2.      Review of Multiple Linear Regression (MLR) analysis (Excel & Stata)

a.       MLB: The Pythagorean Theorem; NFL: Ticket Prices; NBA referees and own-race bias; NFL: field goal success, altitude and distance

3.      Non Linear regression analysis … and the residual (Excel & Stata)

a.       MLB: The Pythagorean Theorem; NFL: field goal success, altitude and distance

4.      Binary Dependent Variables I:  The Linear Probability Model (LPM) (Excel & Stata)… we’ll look at both simple LPMs as well as truncated LPMs

a.       NBA: The Myth of the Hot Hand; NFL: Icing the Kicker; MLB: Win Expectancy and Leverage; PGA: Putting Prowess; NFL: Deflategate

5.      Binary Dependent Variables II: Maximum Likelihood Estimation (MLE) (Excel & Stata)… logit, probit and even arc-tangent

a.       Repeat the examples in 4a.

6.      Functional forms (percentile dummies, polynomials, splines (linear and cubic) and fixed effects; big v. small datasets) (Stata)

a.       NBA: shooting success; NFL: field goals trys; PGA: Putting Prowess

7.      Testing independence in play calling and success:  Chi-squared tests, Binomial tests, OLS analysis and the Wald Wolfowitz runs test (Excel & Stata)

a.       NBA: More Hot Hand; MLB: pitch selection; maybe PGA or tennis?

Selected Topics:  The topic list may very well change depending on time and interest.

8.      Competitive balance and the Uncertainty of Outcome Hypothesis

a.       It’s only the most important concept in sports economics, so we might as well spend some time on it:)

b.      Theory and evidence (MLB, NBA, NFL, NHL and European football/soccer) (at the season and game levels, and across seasons); testing the Uncertainty of Outcome Hypothesis

9.      Retrodictive and predictive ratings models:  Assessing team performance; forecasting game/match outcomes

a.       Simple wins and points models – OLS, LPMs, logit and probit (NCAA football); ordered logit and probit models (European football); the google PageRank model (NCAA basketball)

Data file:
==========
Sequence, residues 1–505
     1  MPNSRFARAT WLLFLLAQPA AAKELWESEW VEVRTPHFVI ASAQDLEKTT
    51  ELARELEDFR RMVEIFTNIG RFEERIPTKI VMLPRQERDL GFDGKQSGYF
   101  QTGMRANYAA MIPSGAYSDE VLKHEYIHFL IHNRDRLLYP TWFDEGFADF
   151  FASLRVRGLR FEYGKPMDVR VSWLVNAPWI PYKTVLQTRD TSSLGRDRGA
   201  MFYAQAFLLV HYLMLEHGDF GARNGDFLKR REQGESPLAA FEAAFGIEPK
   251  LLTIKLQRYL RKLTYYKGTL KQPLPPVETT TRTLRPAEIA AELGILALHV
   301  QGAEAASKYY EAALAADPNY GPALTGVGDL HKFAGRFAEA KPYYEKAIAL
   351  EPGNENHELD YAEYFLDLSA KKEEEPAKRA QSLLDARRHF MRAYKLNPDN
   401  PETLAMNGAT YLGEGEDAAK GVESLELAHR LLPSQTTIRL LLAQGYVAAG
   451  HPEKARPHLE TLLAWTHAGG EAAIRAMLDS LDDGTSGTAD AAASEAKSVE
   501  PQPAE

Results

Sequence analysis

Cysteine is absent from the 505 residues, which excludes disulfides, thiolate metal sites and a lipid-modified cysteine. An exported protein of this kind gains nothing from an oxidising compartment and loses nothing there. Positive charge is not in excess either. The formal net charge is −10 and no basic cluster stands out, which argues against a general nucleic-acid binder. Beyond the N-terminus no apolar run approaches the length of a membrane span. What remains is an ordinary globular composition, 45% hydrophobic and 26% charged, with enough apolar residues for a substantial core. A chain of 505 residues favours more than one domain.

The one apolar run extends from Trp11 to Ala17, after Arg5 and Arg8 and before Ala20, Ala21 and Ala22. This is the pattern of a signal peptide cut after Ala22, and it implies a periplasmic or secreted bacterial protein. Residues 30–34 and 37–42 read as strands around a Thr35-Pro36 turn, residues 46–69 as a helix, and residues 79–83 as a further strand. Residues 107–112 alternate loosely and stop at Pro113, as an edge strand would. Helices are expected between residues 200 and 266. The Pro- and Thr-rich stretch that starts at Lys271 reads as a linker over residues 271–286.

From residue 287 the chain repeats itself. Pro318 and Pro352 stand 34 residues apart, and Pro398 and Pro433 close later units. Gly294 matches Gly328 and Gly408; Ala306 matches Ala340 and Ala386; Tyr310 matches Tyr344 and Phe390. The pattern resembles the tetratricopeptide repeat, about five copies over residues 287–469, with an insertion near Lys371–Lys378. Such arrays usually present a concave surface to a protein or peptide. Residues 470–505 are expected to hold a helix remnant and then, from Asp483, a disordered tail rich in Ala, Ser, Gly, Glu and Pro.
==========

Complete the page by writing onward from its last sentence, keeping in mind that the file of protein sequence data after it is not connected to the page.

b.      MLE Count models of goals/points – multinomial logit, poisson and negative binomial regressions, correlated errors (European football)

10.  Wagering market efficiency

a.       Football (NCAA and NFL (lines and spreads)); Thoroughbred racing (pari-mutuel odds); European football (lots of odds data!)

11.  Peer effects in performance

a.       Estimating production complementarities (NBA synergies on the court; NHL too?)

Additional Resources

·         Rodney Fort:

·         John Vrooman:

·         Journal of Sports Economics (JSE):

·         Journal of Quantitative Analysis in Sports (JQAS):

·         Multi-author blog:

·         Sports Business Daily:  (expensive but informative; two week trial subscription; student rates (still expensive))

·         Sports Business Journal: (I believe the library has acquired a subscription to this journal)

·         SportsBiz:

·         Sports Law:

·         National Sports Law Institute (Marquette):

·         The “Wages of Wins” Journal:

·         and  (you’ll find useful web pages devoted to MLB, the NBA, the NCAA, the NFL, and European football/soccer… and more)

[1] I have prepared a fairly large array (35 and counting!) of exercises over the course of the 10+ years teaching this course…. so there’s plenty to choose from!  These five are favorites… but there are many others, that we might do.